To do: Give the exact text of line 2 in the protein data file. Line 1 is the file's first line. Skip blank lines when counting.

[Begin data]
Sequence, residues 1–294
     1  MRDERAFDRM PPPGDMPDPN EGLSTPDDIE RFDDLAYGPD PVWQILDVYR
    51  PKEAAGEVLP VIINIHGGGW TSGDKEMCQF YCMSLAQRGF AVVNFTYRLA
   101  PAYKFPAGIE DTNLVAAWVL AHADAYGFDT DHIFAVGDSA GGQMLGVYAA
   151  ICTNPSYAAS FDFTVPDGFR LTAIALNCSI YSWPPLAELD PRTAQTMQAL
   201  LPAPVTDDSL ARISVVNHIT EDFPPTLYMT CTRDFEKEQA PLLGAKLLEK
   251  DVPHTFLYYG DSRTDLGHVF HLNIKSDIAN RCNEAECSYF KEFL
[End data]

     1  MRDERAFDRM PPPGDMPDPN EGLSTPDDIE RFDDLAYGPD PVWQILDVYR